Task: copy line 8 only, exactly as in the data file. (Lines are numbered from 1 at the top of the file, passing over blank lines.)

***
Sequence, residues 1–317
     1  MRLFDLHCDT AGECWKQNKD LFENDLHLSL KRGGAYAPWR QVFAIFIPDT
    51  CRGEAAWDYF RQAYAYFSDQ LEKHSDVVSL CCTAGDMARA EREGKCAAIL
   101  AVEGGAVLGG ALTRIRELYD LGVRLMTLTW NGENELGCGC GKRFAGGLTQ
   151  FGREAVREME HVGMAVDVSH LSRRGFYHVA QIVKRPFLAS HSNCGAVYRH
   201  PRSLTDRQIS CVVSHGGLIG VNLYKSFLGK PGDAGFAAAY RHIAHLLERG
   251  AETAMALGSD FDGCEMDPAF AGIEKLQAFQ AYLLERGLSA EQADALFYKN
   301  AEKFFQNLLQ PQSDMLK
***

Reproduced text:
   301  AEKFFQNLLQ PQSDMLK